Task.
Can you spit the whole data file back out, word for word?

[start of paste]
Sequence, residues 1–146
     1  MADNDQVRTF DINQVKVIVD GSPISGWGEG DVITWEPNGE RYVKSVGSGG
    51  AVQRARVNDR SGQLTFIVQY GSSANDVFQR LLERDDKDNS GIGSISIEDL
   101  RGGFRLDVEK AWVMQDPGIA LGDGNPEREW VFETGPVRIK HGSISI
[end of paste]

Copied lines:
Sequence, residues 1–146
     1  MADNDQVRTF DINQVKVIVD GSPISGWGEG DVITWEPNGE RYVKSVGSGG
    51  AVQRARVNDR SGQLTFIVQY GSSANDVFQR LLERDDKDNS GIGSISIEDL
   101  RGGFRLDVEK AWVMQDPGIA LGDGNPEREW VFETGPVRIK HGSISI